14 3 Bank Failure, Default, and Systemic Risk In the previous section, we introduced an internally consistent general equilibrium model of exchange in which banks played three roles: accepting deposits, investing, and settling the payments of their customers. We showed how the optimal settlement system was the least costly; in a riskless world, efficiency was achieved by minimizing the number of settlement periods and maximizing the fraction of deposits that were invested. Though this model serves as a useful benchmark, it abstracts from the primary concern of policymakers: the risks posed by the failure of a major financial institution. In this section, we introduce the possibility of bank failure, and illustrate how a trade-off between efficiency and risk arises endogenously. In the presence of this risk, we show how the optimal settlement system balances this trade-off, and how the optimal policy responds to changes in the economic environment. 3.1 Bank Failure Just prior to the last sub-period of the day, T, a fraction 1 σ of banks fail, where σ is a random variable drawn from a distribution G(σ) with mean σ and support [0, 1]. 16 We take a very simplistic and stark approach to modeling bank failure: when a bank fails, it loses the entirety of its capital investment, it receives no payoff (f(i) = 0), and it loses the technology that converts capital into the general good. Therefore, a failed bank essentially dies. 17 To keep the model as simple as possible, we assume that a new bank acquires a failed bank s capital investment at zero cost and begins operating the following period; this way, both the number of banks and the capital stock remain constant. Moreover, depositors are fully insured: a depositor of a failed bank is simply assigned to the new bank that acquired his capital. 16 The assumption that this shock is realized just prior to T is purely for convenience. All of the ensuing results hold under the more general assumption that a fraction of banks fail at any t T. 17 This approach to modeling bank failures is highly stylized, though the notion that a major financial institution can lose the entirety of its capital investments is perhaps no longer as abstract as it once seemed. Nontheless, the intent here is not to provide a deep theory of why banks fail or how to prevent such failures, but rather to focus on the potential risks that bank failures pose to settlement systems, and how to mitigate such risks. The current approach to modeling bank failures, described in detail below, is meant to capture several important features common to most bank failures: (i) they are sudden, (ii) the banks do not internalize many (here, all) of the negative externalities that are borne by other market participants, and (iii) those failed banks with more capital held as reserves are better able to settle outstanding debts than those with fewer available funds.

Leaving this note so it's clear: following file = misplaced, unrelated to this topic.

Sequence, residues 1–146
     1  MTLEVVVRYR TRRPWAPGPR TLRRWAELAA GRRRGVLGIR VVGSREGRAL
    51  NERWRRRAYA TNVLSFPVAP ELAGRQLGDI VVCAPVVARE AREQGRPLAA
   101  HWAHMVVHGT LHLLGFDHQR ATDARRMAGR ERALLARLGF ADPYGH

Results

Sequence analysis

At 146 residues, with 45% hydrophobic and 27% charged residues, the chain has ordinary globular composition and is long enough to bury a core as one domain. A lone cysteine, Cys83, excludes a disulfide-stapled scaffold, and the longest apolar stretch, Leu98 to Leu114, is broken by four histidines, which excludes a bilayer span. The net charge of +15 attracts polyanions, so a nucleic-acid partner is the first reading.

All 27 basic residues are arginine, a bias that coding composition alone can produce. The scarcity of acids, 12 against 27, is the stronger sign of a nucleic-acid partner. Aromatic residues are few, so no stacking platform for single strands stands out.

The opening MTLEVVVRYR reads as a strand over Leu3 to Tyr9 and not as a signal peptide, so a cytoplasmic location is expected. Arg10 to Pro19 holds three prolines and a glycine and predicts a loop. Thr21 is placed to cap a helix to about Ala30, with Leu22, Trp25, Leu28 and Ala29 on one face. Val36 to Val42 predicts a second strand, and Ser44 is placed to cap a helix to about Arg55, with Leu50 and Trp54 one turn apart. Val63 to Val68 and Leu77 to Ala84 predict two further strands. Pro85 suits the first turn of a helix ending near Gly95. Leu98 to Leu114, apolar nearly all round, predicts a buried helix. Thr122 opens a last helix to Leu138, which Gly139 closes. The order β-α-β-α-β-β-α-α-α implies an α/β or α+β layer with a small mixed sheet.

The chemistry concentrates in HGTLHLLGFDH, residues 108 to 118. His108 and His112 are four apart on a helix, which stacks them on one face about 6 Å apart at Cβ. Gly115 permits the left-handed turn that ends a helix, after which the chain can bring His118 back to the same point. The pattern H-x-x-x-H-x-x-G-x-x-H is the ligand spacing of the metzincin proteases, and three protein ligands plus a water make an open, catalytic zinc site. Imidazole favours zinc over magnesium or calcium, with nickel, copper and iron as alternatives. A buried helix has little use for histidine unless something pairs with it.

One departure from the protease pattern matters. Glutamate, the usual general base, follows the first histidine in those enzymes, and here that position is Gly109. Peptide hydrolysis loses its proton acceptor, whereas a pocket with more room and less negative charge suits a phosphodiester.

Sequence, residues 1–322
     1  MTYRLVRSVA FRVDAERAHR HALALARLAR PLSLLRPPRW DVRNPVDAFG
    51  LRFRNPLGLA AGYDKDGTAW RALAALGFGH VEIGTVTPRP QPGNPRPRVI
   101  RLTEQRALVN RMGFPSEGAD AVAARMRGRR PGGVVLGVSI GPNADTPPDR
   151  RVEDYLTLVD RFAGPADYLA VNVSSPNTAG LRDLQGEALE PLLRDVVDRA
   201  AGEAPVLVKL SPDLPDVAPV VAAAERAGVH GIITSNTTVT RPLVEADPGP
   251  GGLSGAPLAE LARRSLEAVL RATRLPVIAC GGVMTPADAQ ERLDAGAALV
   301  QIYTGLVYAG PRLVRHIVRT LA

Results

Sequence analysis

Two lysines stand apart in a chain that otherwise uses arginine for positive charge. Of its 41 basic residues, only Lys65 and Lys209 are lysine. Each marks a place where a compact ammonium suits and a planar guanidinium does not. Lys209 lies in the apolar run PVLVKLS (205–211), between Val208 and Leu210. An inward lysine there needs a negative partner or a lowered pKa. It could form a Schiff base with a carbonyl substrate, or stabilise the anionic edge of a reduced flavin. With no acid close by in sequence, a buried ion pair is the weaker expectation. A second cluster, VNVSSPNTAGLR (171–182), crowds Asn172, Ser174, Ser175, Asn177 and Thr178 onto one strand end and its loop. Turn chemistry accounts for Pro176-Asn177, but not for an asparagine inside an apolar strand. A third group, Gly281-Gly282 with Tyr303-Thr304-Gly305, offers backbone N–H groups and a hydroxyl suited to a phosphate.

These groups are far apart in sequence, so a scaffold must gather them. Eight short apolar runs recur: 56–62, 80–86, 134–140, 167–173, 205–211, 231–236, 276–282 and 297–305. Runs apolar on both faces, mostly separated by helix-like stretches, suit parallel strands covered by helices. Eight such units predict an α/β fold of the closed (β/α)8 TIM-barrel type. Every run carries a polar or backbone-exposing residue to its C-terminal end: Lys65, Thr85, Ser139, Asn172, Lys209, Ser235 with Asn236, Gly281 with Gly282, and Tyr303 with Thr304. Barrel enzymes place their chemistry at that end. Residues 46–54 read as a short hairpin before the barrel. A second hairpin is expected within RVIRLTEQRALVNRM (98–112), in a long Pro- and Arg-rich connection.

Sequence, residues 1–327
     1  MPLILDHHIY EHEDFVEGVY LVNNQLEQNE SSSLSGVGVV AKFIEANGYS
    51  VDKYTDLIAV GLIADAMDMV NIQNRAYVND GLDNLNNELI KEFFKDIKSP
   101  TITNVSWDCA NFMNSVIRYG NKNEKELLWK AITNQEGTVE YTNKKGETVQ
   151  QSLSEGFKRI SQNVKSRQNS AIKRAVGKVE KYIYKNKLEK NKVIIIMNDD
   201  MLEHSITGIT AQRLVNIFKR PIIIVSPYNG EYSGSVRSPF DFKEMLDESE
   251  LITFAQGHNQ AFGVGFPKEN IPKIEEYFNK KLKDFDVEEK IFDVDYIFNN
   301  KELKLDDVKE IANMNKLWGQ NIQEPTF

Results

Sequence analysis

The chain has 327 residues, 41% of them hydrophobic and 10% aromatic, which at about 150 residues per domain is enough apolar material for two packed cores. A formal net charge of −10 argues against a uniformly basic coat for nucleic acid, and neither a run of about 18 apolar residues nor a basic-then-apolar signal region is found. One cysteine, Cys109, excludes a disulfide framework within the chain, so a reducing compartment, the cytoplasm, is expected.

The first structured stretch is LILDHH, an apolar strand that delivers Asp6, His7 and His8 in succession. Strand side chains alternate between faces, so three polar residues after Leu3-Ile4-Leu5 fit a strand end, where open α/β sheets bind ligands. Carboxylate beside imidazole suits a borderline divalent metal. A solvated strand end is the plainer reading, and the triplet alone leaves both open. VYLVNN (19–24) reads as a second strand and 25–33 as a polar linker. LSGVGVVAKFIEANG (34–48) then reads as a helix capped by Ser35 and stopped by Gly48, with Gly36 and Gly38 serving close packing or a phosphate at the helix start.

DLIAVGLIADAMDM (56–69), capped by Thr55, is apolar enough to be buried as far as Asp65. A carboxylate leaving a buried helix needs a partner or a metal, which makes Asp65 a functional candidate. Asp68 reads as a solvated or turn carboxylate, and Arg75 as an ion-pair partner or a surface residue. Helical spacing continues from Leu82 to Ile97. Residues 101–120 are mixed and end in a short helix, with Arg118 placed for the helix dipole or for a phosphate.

15 Banks awaiting payment within the settlement system, however, are not insured. Since failed banks may have insufficient reserves to settle their liabilities, they may be unable to deliver payment to awaiting banks; that is, they may need to default on some of their outstanding liabilities. We now turn our attention to how such defaults could potentially cause an interruption to the settlement system, and how such an interruption within the banking sector could disrupt real economic activity in the trading sector. There are two important statistics to consider when a bank fails: its remaining capital held as reserves, R st, and its remaining net liabilities to other banks, l T l st. If R st l T l st, then all payments are finalized, and any remaining reserves are distributed to the new banks that enter the following morning. If, on the other hand, a failed bank s remaining liabilities to other banks are greater than its reserves, so that R st < l T l st, then the bank must default on all those liabilities in excess of its current reserves. For the ensuing analysis, the following definition is convenient. Definition 6. Let a bank s outstanding liabilities in excess of reserves at time t for a given realization of net liabilities l, reserve ratio α, and settlement frequency S be denoted ˆl t (l, α; S) and be recursively defined by ˆl t (l, α; S) = max{0, l t l st R st (l, α; S)} for all t T, with ˆl 0 (l, α; S) = 0. Note that, for a bank that has not failed, this is simply the amount they need to borrow at time t. However, for a failed bank at time T, ˆl T (l, α; S) is the size of its default. Assuming that l is i.i.d. across banks, the law of large numbers implies that the total value of defaults can be defined in the following manner. Definition 7. Let the aggregate default under settlement system P for a given realization of σ be denoted δ(σ; P), and the expected aggregate default under settlement system P be denoted (P) and be defined, respectively, as δ(σ; P) = B(1 σ) ˆlT (l, α(p); S)dλ(l) (16) (P) = δ(σ; P) dg(σ). (17) The primary risk of bank default, and perhaps the foremost concern to policymakers, is that a sufficiently large default could halt the operation of the settlement system entirely, and thus shut down the markets it supports. In order to capture this concern, suppose that a settlement system is able to withstand (and immediately resolve) defaults up to size δ. However, should the